Lex Boost, CEO, Leaseweb USA

"Aviation has been part of Leaseweb since day one. While working as professional pilots, our founders understood the importance of reliability and global connections and brought with them the directive of a captain-‘sit back, relax, and enjoy the flight'. When you're sitting on a flight, getting ready to take-off, that's one of the things you'll hear the captain say, and Leaseweb carries that same ethos. Pilots have to be aware of their surroundings, be precise and use their experience to resolve any problem. This could mean the difference between a pleasant flight (smooth, secure connection) and one that could put others at risk (vulnerable, unreliable connection). Leaseweb provides high-quality cloud hosting services, allowing our clients to focus on the important aspects of their business while we steer the flight," said Lex Boost, CEO, Leaseweb USA.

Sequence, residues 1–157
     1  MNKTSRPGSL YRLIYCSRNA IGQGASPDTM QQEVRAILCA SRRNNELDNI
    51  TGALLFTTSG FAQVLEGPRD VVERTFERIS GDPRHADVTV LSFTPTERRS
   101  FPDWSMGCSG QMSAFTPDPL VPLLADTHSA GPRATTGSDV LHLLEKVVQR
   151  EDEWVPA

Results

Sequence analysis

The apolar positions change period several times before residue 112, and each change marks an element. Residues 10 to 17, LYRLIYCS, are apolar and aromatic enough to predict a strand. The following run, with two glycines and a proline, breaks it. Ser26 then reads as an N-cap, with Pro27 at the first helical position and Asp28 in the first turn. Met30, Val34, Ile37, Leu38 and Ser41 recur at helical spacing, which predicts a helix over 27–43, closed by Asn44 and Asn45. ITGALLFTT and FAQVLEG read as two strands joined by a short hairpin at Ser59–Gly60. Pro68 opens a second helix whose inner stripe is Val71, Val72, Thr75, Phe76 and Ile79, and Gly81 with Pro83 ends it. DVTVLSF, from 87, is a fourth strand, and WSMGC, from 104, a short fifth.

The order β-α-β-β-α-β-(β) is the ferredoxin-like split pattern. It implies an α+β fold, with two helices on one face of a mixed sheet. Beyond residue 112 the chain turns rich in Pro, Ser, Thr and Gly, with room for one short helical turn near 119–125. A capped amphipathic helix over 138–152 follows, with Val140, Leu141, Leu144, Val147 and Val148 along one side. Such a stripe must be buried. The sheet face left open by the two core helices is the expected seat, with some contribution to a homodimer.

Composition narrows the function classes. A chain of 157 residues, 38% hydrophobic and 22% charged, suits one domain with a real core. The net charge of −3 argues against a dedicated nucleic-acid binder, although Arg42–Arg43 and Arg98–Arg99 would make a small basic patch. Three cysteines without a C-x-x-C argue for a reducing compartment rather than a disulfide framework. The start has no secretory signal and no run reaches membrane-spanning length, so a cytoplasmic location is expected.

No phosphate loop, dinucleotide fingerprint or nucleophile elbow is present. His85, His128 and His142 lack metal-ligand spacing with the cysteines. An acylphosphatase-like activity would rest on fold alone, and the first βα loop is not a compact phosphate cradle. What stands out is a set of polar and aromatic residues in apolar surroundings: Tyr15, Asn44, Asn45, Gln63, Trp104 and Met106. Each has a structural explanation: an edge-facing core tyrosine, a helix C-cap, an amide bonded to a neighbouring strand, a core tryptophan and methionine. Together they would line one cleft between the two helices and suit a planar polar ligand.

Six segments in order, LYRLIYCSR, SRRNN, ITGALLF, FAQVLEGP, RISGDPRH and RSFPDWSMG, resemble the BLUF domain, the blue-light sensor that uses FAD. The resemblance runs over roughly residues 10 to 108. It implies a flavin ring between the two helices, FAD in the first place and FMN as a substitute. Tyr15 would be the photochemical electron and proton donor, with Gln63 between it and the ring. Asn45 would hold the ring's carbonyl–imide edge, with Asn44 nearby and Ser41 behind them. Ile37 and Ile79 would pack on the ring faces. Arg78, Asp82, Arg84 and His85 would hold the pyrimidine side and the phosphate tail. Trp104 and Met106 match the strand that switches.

Published Monday, August 19, 2019 3:33 PM by David Marshall